Documenting the American South Logo
Title: Letter from J. Horace Lacy to Aunt Kate, September 11, 1852: Electronic Edition.
Author: Lacy, James Horace, 1834-1852
Editor: Erika Lindemann
Funding from the State Library of North Carolina supported the electronic publication of this title.
Text transcribed by Erika Lindemann, Maria Frias, and Randall Ward
Images scanned by Mara E. Dabrishus
Text encoded by Brian Dietz
First Edition, 2005
Size of electronic edition: ca. 28K
Publisher: The University Library, University of North Carolina at Chapel Hill
Chapel Hill, North Carolina

No Copyright in US

The electronic edition is a part of the University of North Carolina at Chapel Hill digital library, Documenting the American South.
Languages used in the text: English
Revision history:
2005-04-21, Brian Dietz finished TEI/XML encoding.
Part of a series:
This transcribed document is part of a digital collection, titled True and Candid Compositions: The Lives and Writings of Antebellum Students in North Carolina
written by Lindemann, Erika
Title of collection: Drury Lacy Papers (#3641), Southern Historical Collection, University of North Carolina at Chapel Hill
Title of document: Letter from J. Horace Lacy to Aunt Kate, September 11, 1852
Author: J. Horace Lacy
Description: 8 pages, 4 page images
Note: Call number 3641 (Southern Historical Collection, University of North Carolina at Chapel Hill)
Topics covered:
Health and Disease/Diseases
Examples of Student Writing/Letters
Religion and Philosophy/Other Philosophies
Religion and Philosophy/Christianity and Christian Theology
Travel and Entertainment/Travel
Editorial practices
The text has been encoded using the recommendations for Level 5 of the TEI in Libraries Guidelines.
Transcript of the personal correspondence. Originals are in the Southern Historical Collection, University of North Carolina at Chapel Hill.
Original grammar, punctuation, and spelling have been preserved.
DocSouth staff created a 600 dpi uncompressed TIFF file for each image. The TIFF images were then saved as JPEG images at 100 dpi for web access.
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Any hyphens occurring in line breaks have been removed, and the trailing part of a word has been joined to the preceding line.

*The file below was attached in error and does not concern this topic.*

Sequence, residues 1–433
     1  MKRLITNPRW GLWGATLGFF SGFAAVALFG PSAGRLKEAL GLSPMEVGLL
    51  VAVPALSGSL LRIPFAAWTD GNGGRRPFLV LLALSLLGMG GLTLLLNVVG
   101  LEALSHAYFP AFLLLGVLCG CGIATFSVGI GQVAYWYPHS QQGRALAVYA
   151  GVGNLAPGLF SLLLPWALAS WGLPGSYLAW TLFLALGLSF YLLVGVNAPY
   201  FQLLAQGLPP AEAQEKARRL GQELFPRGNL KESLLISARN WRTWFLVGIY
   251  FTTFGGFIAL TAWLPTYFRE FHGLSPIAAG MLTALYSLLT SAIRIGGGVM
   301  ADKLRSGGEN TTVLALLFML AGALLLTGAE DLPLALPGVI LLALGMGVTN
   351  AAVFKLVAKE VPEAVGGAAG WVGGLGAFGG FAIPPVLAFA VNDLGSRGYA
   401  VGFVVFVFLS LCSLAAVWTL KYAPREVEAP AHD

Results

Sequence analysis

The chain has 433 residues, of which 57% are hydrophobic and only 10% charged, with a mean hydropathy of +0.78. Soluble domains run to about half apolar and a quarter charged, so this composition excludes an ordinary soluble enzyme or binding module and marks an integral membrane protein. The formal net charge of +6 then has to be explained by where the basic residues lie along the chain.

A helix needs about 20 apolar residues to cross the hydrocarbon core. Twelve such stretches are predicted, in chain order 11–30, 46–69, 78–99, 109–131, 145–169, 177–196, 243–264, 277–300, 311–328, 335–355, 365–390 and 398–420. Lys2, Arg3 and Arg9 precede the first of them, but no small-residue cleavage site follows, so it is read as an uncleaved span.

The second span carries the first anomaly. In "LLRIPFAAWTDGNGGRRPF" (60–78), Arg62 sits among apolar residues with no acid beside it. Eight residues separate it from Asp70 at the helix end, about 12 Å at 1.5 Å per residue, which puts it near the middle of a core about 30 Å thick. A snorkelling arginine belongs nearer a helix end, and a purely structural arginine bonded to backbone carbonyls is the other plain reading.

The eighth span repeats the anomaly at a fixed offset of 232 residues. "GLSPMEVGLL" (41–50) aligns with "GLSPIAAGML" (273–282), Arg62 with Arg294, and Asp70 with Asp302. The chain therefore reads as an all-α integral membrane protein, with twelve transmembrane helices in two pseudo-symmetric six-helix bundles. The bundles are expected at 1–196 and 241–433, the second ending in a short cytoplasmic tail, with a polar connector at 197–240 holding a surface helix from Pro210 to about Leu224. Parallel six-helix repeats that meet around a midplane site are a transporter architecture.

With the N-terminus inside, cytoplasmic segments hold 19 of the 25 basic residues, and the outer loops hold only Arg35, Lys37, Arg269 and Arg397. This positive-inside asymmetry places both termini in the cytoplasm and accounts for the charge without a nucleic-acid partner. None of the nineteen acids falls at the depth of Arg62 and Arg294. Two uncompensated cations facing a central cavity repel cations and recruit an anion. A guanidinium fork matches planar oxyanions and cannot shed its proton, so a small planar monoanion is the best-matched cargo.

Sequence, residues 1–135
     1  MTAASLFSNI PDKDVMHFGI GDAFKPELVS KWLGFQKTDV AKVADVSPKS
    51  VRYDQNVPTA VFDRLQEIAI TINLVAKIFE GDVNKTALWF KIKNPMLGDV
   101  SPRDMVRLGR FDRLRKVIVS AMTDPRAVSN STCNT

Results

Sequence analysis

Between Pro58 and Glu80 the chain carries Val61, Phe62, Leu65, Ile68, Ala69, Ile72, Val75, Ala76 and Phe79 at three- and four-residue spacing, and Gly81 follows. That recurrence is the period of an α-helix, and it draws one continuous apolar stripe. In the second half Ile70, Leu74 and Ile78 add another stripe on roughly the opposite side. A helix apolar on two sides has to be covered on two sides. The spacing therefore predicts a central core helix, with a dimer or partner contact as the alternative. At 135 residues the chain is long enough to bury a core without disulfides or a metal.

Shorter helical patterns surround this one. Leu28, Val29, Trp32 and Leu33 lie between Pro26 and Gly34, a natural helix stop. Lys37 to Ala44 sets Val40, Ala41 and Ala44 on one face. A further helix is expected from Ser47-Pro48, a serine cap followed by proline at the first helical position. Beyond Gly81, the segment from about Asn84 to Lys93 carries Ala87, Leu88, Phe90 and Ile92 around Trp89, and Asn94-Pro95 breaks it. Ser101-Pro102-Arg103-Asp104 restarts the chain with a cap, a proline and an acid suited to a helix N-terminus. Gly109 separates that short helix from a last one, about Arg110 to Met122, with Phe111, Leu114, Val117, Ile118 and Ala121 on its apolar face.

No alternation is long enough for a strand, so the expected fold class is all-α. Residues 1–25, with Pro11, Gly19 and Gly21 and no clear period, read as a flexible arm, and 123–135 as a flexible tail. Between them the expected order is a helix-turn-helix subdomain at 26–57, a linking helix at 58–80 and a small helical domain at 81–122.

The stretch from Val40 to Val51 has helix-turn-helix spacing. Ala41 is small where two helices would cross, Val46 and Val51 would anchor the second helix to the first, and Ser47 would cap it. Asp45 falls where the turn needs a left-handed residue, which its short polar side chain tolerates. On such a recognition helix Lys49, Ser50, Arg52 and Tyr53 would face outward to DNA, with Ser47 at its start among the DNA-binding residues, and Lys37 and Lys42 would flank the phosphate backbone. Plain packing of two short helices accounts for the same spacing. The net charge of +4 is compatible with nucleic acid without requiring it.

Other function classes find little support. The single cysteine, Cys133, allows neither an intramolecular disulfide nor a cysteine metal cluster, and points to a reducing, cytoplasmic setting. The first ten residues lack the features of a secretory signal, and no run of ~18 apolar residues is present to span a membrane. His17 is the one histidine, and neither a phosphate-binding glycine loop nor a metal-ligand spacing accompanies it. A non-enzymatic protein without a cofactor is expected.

Letters, words and passages marked as deleted or added in originals have been encoded accordingly.
All quotation marks, em dashes and ampersand have been transcribed as entity references.
All double right and left quotation marks are encoded as ".
All single right and left quotation marks are encoded as '.
All em dashes are encoded as —.
Indentation in lines has not been preserved.

For more information about transcription and other editorial decisions, see Dr. Erika Lindemann's explanation under the section Editorial Practices.

Document Summary

Lacy describes his illness and the care he receives in Prof. Mitchell's home. He wants to come home to Raleigh, NC, as soon as possible and has read several books that have strengthened his faith as a Christian, though he fears that he has too often rejected Christ.
Letter from J. Horace Lacylink opens in a new window to Auntlink opens in a new window , September 11, 18521
Lacy, James Horace, 1834-1852

Page 1
Chapel Hill Sep. 11th 1852

Dear Aunt Kate

I am now dressed & sitting in a delightful arm chair which Mrs Mitchell in her kindness has sent up to the room to which I was brought last monday morning & where I have been on my back 'ever since. I was brought in a Carry-all-sort of a [concern] with a bed spread out in it—from My room at MrCraigs & was then carried up stairs in Dr Mitchellslink opens in a new window old house by two negro men, for you must know that I can hardly stand on my feet any length of time much less walk about. I got up just now because I was so very tired lying on my back, & I found that I was able to dress myself & go into the Dr's link opens in a new window Study for these writing materials, but the little walk tho only about 10 steps wearied me so much that I fell in the chair quite exhausted on returning into my room. I waited awhile to gather strength, when I began this letter I felt perfectly able to go right through with it, but already I am so much used up by this little exertion, I feel almost on the point of stopping with the end of each sentence. However I have a long time to write it in—about two whole days, not counting Sunday. This is the morning for the Stage to pass through, & although I dont suppose 'twill be here for four or five hours, yet the hour when the mail closes has already passed & my letter couldn't go unless I get some one to take it for me. The Stage Coaches have been coming in rather later than usual for the last two or three days—I suppose on account of the great quantity of rain we've had. It has been raining here very steadily for several days &2 at times violently. The roof of the front porch is immediately under my window, & the big drops from the eaves of the house keep up an incessant pit, pat.—which at some times make me feel pleasant & I fall off to sleep under the music they make—at others it makes me feel very melancholy &c that's when I can't get to sleep. I receive just enough attention here to make me want more. Mrs